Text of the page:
On the same theme I am certainly not saying that the big SIs are not without fault but my experiences suggest Government has internal issue to address. For example the way projects are specified using “systems architects” working on the theory that we must use what we have results in specifications that are doomed from the start but SIs do what the customer wants so complex and expensive procurement takes place for huge contracts almost certainly destined for failure. One in particular resulted in a contract for £50m sent to India but thinking people and process like UK Sport (it is what government is about?) should have been less than £5m yet no one investigated when I raised via my local MP? The winners are not always the SIs who have to bear the consequences it is the dominant vendors who sell their complex disjointed software which is long overdue for a step change but there are strong “vested” interests – this where the real problems lie?

    I recently circulated a one pager on the intelligent buyer I await a reply? Clearly they are not yet there as the Cabinet’s “Open Source Options” fails to reflect the art of the now possible in application build. – yet another battle ahead of me……!

  13. Comment by Alan Lord (@opensourcerer) posted on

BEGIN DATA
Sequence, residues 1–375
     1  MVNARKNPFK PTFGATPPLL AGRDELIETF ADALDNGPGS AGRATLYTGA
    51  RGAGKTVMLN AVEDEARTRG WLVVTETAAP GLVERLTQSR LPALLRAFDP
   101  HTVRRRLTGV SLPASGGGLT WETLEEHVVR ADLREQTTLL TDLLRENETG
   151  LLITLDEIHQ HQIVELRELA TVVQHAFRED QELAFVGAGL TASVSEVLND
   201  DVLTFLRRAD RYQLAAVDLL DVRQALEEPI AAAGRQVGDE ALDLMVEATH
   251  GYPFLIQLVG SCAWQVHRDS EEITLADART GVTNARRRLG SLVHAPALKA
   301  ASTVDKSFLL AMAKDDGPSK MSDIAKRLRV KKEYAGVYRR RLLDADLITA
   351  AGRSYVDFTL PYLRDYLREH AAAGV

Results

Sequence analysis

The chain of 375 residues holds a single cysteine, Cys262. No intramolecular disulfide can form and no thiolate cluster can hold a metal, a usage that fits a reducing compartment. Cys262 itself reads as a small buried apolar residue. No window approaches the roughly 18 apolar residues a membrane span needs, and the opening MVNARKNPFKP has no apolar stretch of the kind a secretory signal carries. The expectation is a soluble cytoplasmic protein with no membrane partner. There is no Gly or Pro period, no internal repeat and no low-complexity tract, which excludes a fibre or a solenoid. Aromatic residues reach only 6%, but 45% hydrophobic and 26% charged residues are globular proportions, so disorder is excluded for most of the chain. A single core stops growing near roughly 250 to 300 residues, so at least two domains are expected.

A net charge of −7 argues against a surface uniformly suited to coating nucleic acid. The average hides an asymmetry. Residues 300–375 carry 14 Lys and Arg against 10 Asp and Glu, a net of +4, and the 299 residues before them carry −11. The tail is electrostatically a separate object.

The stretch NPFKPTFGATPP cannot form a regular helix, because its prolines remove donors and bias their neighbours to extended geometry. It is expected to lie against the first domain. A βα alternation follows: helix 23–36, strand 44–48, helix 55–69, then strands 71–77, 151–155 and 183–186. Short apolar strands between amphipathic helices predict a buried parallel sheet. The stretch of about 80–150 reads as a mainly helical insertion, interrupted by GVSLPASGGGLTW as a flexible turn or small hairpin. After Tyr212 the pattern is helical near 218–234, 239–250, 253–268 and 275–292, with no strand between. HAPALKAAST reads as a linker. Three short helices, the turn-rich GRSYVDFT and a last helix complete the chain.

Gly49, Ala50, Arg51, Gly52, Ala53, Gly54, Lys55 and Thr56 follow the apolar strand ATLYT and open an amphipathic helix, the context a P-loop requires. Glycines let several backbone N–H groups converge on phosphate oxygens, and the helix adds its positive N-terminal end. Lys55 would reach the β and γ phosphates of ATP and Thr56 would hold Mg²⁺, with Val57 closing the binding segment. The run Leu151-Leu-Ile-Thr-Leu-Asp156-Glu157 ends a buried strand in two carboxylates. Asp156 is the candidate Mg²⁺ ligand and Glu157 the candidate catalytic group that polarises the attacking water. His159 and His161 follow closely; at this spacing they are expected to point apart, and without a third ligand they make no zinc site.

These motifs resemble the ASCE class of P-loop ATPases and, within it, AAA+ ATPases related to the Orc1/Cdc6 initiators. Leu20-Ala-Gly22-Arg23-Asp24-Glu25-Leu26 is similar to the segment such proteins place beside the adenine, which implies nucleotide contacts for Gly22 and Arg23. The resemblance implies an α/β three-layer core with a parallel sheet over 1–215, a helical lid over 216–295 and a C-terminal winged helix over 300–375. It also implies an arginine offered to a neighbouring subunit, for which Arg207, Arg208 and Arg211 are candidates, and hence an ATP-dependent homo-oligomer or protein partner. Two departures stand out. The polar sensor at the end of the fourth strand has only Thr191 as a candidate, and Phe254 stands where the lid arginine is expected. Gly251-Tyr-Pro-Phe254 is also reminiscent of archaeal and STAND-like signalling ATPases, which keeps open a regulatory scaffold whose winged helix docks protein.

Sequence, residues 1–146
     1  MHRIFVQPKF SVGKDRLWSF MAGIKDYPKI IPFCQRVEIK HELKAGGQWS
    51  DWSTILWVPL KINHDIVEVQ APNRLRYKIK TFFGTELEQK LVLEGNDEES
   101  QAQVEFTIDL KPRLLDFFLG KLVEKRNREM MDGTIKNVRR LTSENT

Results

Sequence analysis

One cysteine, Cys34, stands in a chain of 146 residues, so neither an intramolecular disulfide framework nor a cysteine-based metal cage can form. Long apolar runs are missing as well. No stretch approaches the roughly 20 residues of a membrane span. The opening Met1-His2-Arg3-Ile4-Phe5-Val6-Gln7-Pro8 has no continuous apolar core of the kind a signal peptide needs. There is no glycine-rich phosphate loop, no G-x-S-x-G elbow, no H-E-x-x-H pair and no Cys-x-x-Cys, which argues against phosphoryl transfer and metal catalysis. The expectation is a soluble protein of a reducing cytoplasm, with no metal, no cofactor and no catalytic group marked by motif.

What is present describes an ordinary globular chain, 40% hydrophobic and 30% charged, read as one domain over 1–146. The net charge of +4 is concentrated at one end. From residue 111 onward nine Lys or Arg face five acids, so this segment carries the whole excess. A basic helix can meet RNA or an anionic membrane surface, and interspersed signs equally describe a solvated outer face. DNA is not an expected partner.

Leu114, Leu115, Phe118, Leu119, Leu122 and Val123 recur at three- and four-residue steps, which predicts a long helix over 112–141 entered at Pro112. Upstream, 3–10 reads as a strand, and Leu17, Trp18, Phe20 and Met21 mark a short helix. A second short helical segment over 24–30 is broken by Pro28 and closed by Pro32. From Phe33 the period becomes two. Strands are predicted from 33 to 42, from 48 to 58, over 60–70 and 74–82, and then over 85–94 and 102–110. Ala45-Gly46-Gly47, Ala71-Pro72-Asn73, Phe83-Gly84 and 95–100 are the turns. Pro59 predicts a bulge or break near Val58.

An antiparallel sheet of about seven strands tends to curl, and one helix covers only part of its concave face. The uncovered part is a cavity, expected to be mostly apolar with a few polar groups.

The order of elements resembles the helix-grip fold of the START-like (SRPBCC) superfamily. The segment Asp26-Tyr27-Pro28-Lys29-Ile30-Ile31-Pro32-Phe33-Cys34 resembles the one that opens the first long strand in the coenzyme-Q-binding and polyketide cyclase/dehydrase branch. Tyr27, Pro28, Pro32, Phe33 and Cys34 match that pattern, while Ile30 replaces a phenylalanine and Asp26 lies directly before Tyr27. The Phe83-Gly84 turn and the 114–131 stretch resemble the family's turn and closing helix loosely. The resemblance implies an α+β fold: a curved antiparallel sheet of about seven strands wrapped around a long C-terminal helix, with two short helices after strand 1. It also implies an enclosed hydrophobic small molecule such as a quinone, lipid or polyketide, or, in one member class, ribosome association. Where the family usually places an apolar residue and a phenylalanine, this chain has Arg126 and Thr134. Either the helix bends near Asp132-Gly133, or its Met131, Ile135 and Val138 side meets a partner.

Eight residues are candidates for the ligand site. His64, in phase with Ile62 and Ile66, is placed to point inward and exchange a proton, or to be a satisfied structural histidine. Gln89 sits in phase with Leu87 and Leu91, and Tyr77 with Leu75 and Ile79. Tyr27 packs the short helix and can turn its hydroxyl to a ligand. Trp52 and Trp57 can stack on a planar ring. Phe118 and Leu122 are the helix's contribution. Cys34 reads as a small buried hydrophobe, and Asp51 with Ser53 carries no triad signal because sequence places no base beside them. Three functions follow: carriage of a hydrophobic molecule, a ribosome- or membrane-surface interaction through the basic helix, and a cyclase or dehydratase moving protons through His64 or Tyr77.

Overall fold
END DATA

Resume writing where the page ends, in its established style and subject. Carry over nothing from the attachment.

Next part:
Thanks for this.

    On the same day the Cabinet Office's Open Source Procurement Toolkit[1] is published your post is very well timed.

    Our experience of trying to promote Open Source into various parts of UK Gov. has been difficult and best and impossible at worst.

    We really do look forward to a time where public sector CIOs know that they will not be handsomely rewarded by buying the most expensive and complex solutions for what are, often, simple problems that can be solved quickly & cheaply.


  14. Comment by dmossesq posted on

    ... TD16 The Cabinet Office want to provide a web-based access mechanism over which the public can transact with government. They're planning a new one. But we already have one – the UK Government Gateway. What's happened to re-use in Cloud? Why aren't we re-using the Gateway? Why are we building a new one? Is that a wise investment of public money? If there are problems with the gateway, how will the Cloud avoid those problems?